Detection Of β-thalassemia Carriers In Assiut

January 28, 2019 updated by: Shimaa Mohammed Radi Abdelhakeem, Assiut University

Detection of β-thalassemia Carriers Among Close Relatives of β-thalassemia Children Attending Assiut University Children Hospital

Thalassemia is different in kids with microcytic hypochromic anemia than general population because there is a confusion between symptoms of thalassemia and iron deficiency anemia in kids and both of them differ in management and prognosis. otherwise the most commonest causes of microcytic hypochromic anemia in kids are iron deficiency anemia and thalassemia and both of them are more common in kids than in general population.

Thalassemia is different in Egypt than anywhere in the world because there is no accurate estimation of incidence and prevalence of such dangerous disease in Egypt inspite of many cases attending thalassemia center (hundreds) and this disease is autosomal recessive and its incidence can be minimized by detection of carrier cases by gene study hopping that to be done as a routine premarital investigation.

Study Overview

Detailed Description

The term "thalassemia" is derived from the Greek words "Thalassa"(sea) and "Haema" (blood) and refers to disorder associated with defective synthesis of α or β-globin subunits of haemoglobin HbA

There are two main types of thalassemia:

α-thalassemia is one of the most common hemoglobin genetic abnormalities and is caused by the reduced or absent production of the alpha globin chains. Alpha-thalassemia is prevalent in tropical and subtropical world regions where malaria was and still is epidemic, but as a consequence of the recent massive population migrations, alpha-thalassemia has become a relatively common clinical problem in North America, North Europe, and Australia

β-thalassemia syndromes are a group of hereditary blood disorders characterized by reduced or absent beta globin chain synthesis, resulting in reduced Hb in red blood cells (RBC), decreased RBC production and anemia. Most thalassemias are inherited as recessive traits. The phenotypes of homozygous or genetic heterozygous compound β-thalassemias include thalassemia major and thalassemia intermedia. Individuals with thalassemia major usually come for medical attention within the first two years of life and require regular RBC transfusions to survive. Thalassemia intermedia include patients who present later and do not require regular transfusion. Except in the rare dominant forms, heterozygous β-thalassemia results in the clinically silent carrier state. HbE/ β-thalassemia and HbC/ β-thalassemia exhibit a great range in terms of diversity of phenotypes and spectrum of severity. People who are carriers of the disease received variant genes from one parent and normal gene from the other parent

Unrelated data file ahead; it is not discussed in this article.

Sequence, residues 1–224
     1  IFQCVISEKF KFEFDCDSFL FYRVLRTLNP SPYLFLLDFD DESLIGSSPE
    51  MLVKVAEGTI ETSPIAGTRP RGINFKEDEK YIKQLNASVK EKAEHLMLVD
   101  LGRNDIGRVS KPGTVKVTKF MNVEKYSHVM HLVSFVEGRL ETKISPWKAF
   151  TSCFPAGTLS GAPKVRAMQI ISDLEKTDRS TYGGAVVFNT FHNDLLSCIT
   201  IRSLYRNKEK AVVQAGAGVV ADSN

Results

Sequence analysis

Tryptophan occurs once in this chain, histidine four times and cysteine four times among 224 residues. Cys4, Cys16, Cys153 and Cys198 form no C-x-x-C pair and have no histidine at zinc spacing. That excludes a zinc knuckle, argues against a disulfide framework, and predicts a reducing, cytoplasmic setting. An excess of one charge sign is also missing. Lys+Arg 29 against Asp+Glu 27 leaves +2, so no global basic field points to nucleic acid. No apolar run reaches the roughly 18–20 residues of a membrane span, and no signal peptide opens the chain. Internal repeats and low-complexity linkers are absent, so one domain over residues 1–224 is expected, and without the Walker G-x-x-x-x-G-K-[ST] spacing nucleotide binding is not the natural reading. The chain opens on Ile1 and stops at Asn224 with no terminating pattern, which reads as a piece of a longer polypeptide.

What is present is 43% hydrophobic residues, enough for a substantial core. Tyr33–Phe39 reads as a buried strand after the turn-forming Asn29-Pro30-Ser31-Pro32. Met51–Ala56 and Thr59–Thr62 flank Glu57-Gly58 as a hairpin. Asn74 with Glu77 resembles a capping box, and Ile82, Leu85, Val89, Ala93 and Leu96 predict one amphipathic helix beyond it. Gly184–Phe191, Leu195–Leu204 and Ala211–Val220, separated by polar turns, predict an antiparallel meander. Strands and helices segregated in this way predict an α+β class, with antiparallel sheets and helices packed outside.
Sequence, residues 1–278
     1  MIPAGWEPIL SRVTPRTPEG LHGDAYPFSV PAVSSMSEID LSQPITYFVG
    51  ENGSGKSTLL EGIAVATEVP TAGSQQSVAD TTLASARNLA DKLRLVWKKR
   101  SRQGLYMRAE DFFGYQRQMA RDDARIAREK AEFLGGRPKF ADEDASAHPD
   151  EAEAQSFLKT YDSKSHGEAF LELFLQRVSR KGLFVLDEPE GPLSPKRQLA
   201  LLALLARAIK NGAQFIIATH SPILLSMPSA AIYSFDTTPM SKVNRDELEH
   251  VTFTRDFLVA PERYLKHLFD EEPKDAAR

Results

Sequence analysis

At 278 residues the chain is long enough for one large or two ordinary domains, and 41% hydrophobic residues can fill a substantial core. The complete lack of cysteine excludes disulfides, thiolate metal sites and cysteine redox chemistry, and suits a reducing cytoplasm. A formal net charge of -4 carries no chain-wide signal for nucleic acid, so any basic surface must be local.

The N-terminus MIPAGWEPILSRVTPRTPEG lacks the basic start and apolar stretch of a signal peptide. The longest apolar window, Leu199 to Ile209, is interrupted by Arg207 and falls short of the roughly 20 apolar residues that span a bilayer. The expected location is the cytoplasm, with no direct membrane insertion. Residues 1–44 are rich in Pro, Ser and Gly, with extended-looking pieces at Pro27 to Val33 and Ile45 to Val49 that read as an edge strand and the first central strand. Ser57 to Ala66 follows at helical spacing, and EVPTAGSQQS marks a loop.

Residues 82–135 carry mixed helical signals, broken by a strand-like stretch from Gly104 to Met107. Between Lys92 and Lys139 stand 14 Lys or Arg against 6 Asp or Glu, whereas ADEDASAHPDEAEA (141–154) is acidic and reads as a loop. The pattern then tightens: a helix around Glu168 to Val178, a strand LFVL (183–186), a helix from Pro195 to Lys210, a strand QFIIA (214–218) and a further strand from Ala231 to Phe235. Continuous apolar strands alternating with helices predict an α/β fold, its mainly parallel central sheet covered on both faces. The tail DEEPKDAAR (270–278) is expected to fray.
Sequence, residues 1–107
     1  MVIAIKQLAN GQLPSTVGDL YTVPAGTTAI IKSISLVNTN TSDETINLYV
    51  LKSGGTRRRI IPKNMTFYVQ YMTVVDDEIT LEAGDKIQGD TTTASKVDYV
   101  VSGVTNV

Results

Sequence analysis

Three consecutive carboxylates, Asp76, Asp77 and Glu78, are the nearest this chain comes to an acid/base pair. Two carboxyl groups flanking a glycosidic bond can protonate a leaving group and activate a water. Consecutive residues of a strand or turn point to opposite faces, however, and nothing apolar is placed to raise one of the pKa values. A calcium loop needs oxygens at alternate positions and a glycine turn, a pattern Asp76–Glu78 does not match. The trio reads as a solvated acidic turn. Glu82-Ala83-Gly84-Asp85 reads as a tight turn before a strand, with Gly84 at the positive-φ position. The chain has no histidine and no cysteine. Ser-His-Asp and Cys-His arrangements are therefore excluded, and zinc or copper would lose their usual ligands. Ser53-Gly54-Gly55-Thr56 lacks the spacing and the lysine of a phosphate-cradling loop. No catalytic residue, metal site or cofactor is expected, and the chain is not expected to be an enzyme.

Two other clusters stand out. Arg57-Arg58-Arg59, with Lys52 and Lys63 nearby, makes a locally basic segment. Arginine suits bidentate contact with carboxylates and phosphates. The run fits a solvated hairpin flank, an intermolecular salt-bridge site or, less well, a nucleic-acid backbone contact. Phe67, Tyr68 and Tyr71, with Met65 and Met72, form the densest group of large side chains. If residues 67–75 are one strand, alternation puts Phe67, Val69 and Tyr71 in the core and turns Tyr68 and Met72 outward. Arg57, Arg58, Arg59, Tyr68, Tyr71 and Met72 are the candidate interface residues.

Thalassemia is widespread throughout ,they are more prevalent in people living in South-East Asia, South Asia, Middle East, and Mediterranean regions

Thalassemia is the most common form of inherited anemia worldwide. The World Health Organization reports suggest that about 60,000 infants are born with a major thalassemia every year. Although individuals originating from the tropical belt are most at risk, it is a growing global health problem due to extensive population migrations

Population migration and intermarriage between different ethnic groups has introduced thalassemia in almost every country of the world

In Egypt, β -thalassemia is the most common type with a carrier rate varying from 5.3 to 9% and a gene frequency of 0.03. So, it was estimated that 1,000/1.5 million per year live births will suffer from thalassemia disease in Egypt (total live births 1,936,205 in 2006)

β Thalassemia creates a social and financial burden for the patients' family and the Egyptian government. The high frequency of beta-thalassemia carriers with increasing rate of newly born cases is a pressing reason for the importance to develop prevention program for beta-thalassemia in Egypt

The thalassaemia syndromes, particularly those requiring multiple blood transfusions, are a serious burden on health services and a problem which may be increasing on a global scale . Even milder syndromes, known as thalassaemia intermedia or non-transfusion dependent thalassaemia, require careful follow up since complications are expected over time in the natural course of the disease

The need for lifelong follow up and care and the occurrence of complications affecting major organs such as liver, heart and endocrine glands, creates the need for organised expert services and also the need for major resources in terms of essential drugs and donated blood for transfusions. In terms of clinical outcomes, The investigator expect that patients will survive with the best possible quality of life, if treated holistically in an expert centre

Detection of asymptomatic carriers by reliable laboratory methods is the cornerstone of prevention of this serious health problem. high performance liquid chromatography (HPLC) has become the preferred technique, as it can detect most of the clinically significant variants. The simplicity of the automated system with internal sample preparation, superior resolution, rapid assay time, and accurate quantification of hemoglobin fractions makes this an ideal methodology for the routine clinical laboratory

Commonly occurring mutations of the HBB gene are detected by a number of polymerase chain reaction (PCR)-based procedures. The most commonly used methods are reverse dot blot analysis or primer-specific amplification with a set of probes or primers complementary to the most common mutations in the population from which the affected individual originated